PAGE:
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  • October 8, 2019 at 2:49 pm
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    We can but humans are naturally greedy.

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  • October 8, 2019 at 2:53 pm
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    Why doesn’t the host dress more professional? That shirt says “boy”.

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  • October 8, 2019 at 3:12 pm
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    Wow, I never thought about isotopes as flavours. When someone asks me in the future I'll use that analogy.

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  • October 8, 2019 at 3:13 pm
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    CO2 lags temperature. Higher CO2 doesn't cause higher temps. Higher temps seem to cause higher CO2.

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  • October 8, 2019 at 3:23 pm
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    I wonder what happened in the 17th century on that graph that caused a decrease in carbon 12 levels and a rise in carbon 13 levels

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  • October 8, 2019 at 3:27 pm
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    Wait didnt they find Megatron (NBE 1) there?

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  • October 8, 2019 at 3:31 pm
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    You guys should do a video explaining why different genres of music affect people differently, that would be pretty interesting to tackle and to see your take on.

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  • October 8, 2019 at 3:44 pm
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    Most important question. How does the ancient ice taste?

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  • October 8, 2019 at 3:48 pm
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    *Drops some 20k years old ice cubes in a glass of whiskey.

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  • October 8, 2019 at 4:37 pm
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    *reads title
    Me:……water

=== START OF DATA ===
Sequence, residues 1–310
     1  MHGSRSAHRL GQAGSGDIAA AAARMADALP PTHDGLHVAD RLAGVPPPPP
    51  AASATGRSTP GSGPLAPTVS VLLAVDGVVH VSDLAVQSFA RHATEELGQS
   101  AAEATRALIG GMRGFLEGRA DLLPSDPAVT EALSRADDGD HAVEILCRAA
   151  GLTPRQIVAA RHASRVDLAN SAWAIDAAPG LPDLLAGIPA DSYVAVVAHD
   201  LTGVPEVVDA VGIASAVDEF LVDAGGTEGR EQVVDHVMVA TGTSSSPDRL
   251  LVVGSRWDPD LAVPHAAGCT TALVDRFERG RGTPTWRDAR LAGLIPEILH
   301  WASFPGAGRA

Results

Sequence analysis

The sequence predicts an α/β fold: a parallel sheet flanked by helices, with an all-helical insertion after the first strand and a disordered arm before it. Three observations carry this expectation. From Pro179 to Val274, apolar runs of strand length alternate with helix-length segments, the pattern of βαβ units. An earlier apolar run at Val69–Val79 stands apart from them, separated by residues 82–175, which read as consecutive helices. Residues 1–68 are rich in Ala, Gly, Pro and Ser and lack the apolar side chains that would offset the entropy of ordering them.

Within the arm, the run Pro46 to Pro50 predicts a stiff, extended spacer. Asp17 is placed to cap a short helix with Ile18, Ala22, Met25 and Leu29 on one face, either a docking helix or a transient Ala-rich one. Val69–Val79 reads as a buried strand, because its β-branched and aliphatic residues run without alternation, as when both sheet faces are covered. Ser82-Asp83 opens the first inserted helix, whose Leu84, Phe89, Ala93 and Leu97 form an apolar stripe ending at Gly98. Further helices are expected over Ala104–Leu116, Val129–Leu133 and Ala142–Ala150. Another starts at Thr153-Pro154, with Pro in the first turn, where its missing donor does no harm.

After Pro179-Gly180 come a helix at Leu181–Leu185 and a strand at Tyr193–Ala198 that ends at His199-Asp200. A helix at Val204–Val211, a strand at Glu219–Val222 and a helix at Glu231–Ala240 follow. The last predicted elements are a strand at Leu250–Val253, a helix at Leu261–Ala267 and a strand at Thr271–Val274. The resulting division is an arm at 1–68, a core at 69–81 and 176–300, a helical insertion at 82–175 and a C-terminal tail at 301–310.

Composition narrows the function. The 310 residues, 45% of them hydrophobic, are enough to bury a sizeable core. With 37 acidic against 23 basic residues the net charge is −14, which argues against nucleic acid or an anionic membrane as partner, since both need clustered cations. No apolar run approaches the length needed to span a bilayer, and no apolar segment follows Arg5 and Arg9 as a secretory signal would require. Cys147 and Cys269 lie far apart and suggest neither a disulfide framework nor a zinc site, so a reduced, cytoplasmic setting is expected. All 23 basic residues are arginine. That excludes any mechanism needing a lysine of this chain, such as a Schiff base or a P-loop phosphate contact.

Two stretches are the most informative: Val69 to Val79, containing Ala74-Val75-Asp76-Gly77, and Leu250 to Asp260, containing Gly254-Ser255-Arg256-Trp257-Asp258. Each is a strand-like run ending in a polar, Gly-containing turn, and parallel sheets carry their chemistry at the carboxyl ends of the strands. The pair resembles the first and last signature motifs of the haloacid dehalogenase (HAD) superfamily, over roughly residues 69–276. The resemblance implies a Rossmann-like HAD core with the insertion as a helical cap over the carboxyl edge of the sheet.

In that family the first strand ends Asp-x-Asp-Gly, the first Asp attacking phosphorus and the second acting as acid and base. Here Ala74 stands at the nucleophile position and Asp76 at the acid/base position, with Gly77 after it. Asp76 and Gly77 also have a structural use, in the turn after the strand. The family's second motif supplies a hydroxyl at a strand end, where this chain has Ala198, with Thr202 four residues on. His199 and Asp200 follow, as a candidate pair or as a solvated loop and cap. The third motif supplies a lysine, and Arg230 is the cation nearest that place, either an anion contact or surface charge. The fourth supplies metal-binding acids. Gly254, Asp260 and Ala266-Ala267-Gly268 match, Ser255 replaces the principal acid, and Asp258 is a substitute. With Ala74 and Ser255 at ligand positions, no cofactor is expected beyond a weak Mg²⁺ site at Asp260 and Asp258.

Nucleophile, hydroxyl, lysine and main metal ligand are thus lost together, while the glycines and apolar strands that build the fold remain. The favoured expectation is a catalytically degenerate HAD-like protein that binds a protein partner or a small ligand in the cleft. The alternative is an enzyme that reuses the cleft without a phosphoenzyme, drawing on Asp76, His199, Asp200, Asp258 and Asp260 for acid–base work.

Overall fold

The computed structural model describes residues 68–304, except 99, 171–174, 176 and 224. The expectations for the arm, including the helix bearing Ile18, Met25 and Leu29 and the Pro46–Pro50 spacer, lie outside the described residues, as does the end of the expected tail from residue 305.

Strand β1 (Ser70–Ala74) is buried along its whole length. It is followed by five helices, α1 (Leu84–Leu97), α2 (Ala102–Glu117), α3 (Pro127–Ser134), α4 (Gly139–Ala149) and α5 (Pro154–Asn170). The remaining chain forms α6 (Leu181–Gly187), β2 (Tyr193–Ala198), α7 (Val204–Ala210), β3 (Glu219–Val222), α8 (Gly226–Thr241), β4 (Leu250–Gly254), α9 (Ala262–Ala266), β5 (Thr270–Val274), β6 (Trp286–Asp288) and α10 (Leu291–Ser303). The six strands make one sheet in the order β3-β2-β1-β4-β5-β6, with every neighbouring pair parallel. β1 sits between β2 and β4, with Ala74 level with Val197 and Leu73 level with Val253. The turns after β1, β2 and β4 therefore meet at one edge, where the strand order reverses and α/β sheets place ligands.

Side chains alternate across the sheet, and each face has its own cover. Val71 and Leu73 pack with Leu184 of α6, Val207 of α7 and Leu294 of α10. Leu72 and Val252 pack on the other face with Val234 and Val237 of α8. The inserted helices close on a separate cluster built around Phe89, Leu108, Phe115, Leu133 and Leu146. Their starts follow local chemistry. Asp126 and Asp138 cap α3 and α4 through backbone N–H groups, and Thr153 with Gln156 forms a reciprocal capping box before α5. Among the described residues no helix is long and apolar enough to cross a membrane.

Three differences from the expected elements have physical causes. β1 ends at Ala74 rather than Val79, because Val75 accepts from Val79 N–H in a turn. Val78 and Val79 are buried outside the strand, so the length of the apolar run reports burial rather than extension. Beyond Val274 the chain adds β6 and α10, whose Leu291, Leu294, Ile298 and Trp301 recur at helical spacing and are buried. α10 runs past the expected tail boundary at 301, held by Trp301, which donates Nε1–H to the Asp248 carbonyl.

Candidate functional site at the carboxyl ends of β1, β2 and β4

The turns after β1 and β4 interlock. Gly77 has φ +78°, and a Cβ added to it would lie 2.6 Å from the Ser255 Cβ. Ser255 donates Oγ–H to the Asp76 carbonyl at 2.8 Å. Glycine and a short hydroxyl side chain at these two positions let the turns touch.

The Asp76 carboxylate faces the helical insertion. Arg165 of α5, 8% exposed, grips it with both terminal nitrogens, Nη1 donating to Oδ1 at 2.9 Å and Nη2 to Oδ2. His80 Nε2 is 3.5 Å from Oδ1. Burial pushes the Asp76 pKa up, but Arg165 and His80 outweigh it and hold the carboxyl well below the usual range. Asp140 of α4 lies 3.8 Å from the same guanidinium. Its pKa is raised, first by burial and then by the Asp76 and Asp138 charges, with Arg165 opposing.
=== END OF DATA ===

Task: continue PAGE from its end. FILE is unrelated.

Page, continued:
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  • October 8, 2019 at 5:28 pm
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    I wonder how many, once frozen, and unknown to man, viruses and bacteria get released when they thaw out that ancient ice? I know it’s useful to take ice cores, but it sure is scary…

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  • October 8, 2019 at 5:34 pm
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    Don't believe anything after they say "may be".

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  • October 8, 2019 at 5:44 pm
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    I smell something fishy… why are we limiting ourselves to the past million years? as I recall, that's less than chump change in earth years. oldest ice my ass.

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  • October 8, 2019 at 5:48 pm
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    Bro you keep using the word Smart, WHAT on earth do u mean with it..??

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  • October 8, 2019 at 5:49 pm
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    Can we get ice from 1970s

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  • October 8, 2019 at 5:53 pm
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    10:00 most ridiculous presentation I've yet seen. the past few thousand years? I bet if you zoomed out tens of millions of years it wouldn't look so bad, there might even be a ton of those "bad" particles about.

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  • October 8, 2019 at 5:53 pm
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    I admit, this is so cool!

    Got it?

    Reply
  • October 8, 2019 at 6:14 pm
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    Ancient Ice…sounds like a brand of vodka.